The incident involving a Top Class pupil at Home Kindergarten in Najeera Township, a Kampala suburb, is very unfortunate and regrettable.
A teacher in an early learning centre allegedly beat up a six-year-old child, who later died from her injuries.
Albaqueen Kainerugaba, was allegedly beaten by her teacher while in class as a way of punishment. The details on the nature and extent of beating are not yet known but the incident is a subject of police investigation.
The school and the deceased’s parents at first thought they would have an out of court settlement. Alas! The child died before that could happen.
In 1997, government outlawed corporal punishment in the country’s schools but this has not ended the habit. School children are bearing the brunt of school and government’s failure to enforce the ban on corporal punishment, leaving many victims along the way.
Many incidents of pupils and students who have been maimed, who have had their careers cut short and others dying as a result of corporal punishment have been reported but the beating or caning of learners has continued unabated. It is extremely disturbing for a parent to receive this unpleasant news from a school or health facility that their child is unwell or dead as a result of beating at school.
Teachers are administering corporal punishment as a way of compelling learners to master the learning areas, almost bordering on rote learning, to force the students to remember and regurgitate what has been learnt.
But why should corporal punishment persist in schools amid a law outlawing it and the associated negative impact it brings? Why should students continue to lose their lives, ostensibly done to make someone learn?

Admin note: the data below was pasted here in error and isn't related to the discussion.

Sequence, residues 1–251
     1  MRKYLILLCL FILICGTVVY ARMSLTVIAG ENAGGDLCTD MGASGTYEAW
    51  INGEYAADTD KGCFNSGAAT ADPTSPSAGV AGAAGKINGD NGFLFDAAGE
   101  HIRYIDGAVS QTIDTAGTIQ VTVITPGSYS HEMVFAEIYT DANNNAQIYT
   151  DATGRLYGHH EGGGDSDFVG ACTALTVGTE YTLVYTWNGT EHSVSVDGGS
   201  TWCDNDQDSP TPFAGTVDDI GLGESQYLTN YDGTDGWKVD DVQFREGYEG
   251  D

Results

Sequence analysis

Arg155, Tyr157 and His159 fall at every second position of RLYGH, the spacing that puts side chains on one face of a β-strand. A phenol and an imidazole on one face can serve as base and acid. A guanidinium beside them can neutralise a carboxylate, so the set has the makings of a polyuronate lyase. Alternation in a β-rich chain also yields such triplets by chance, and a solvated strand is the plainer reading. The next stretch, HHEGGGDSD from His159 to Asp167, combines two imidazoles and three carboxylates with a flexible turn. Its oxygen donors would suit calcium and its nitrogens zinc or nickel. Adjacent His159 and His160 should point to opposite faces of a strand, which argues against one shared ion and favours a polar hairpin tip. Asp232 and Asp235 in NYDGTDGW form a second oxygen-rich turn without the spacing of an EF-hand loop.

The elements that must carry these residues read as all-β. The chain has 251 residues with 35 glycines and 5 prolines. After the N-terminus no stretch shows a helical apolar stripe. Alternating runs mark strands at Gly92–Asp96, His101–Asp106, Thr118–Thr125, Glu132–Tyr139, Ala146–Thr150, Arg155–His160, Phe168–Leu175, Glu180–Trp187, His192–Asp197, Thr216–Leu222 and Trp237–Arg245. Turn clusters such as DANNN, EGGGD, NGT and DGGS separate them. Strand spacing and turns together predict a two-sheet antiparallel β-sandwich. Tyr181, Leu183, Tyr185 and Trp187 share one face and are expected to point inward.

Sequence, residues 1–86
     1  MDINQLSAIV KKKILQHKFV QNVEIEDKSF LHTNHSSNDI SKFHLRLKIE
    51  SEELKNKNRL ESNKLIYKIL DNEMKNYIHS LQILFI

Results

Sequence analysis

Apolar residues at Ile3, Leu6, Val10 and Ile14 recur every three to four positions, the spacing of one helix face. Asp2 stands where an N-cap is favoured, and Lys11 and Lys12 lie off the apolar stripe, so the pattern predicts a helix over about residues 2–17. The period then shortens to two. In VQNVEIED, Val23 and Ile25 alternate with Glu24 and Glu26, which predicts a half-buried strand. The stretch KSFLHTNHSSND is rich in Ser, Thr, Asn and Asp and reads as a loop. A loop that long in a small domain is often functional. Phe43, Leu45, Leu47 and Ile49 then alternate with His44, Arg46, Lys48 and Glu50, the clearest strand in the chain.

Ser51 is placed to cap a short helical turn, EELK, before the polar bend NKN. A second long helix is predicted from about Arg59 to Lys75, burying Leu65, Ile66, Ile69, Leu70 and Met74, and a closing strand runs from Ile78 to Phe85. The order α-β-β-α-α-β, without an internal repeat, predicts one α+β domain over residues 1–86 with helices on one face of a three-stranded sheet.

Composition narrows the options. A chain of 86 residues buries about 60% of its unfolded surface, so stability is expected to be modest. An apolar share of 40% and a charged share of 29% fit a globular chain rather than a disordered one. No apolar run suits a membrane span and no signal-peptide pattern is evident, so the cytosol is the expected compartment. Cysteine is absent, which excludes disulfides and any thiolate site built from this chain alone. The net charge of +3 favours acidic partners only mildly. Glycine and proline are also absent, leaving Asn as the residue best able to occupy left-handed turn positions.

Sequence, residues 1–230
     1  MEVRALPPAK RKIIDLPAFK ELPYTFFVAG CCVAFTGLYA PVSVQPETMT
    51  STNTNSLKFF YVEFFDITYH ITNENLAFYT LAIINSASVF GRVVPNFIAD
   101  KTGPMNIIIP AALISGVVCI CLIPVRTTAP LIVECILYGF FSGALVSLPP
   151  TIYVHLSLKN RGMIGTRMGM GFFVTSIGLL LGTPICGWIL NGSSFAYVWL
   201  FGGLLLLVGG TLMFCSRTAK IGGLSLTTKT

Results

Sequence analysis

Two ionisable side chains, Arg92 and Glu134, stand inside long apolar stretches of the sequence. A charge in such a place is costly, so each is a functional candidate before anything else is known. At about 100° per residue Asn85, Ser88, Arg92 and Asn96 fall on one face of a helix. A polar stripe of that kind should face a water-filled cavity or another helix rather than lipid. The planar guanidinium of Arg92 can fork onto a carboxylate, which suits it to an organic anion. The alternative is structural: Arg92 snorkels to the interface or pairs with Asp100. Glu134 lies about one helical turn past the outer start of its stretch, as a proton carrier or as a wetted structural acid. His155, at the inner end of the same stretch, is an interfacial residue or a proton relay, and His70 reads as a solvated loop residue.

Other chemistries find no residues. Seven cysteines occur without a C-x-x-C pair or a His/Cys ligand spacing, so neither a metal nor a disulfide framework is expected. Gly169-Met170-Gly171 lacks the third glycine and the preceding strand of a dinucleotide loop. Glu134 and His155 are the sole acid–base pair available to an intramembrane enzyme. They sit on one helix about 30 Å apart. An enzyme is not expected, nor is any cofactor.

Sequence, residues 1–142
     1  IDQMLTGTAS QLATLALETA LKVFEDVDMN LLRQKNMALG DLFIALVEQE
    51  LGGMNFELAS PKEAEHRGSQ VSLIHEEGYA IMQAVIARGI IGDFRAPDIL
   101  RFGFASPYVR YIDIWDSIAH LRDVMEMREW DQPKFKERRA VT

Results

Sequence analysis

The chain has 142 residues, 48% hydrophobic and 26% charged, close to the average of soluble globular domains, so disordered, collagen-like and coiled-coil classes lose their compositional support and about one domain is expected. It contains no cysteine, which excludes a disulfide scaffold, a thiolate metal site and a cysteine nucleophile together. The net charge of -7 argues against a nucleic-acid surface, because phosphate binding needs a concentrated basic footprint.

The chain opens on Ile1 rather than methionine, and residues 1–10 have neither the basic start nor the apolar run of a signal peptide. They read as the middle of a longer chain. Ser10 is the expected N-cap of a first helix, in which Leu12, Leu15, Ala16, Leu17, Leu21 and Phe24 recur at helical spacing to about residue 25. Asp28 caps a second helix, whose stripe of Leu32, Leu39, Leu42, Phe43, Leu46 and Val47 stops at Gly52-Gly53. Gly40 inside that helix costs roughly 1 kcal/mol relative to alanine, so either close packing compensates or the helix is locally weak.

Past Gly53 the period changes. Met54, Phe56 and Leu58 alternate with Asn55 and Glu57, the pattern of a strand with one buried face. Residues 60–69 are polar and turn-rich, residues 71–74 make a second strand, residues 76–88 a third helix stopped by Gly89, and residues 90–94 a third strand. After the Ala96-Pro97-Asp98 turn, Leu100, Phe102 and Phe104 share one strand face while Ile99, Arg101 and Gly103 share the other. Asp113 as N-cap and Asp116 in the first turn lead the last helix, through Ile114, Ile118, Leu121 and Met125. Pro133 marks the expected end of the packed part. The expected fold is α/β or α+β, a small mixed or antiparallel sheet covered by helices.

All stakeholders; the ministry of Education, parents, teachers and activists should join hands to stem this barbarism that is manifesting in schools.
Children can still learn and understand without a threat of caning! It is good to benchmark and find out how other countries inculcate knowledge without beating learners.
The culture of beating where some want to evoke the Bible teaching of spare the rod and spoil the child, has been misused to the detriment of the children.
It is high time government revisited the issue with the view of instituting severe punitive measures to make it very costly for the perpetrators of corporal punishment.
It is a savage attitude to imagine that students can only learn when they are beaten. But worse outcome of this beating like the death of six-year-old Kainerugaba is disheartening and heart breaking and must be stopped.
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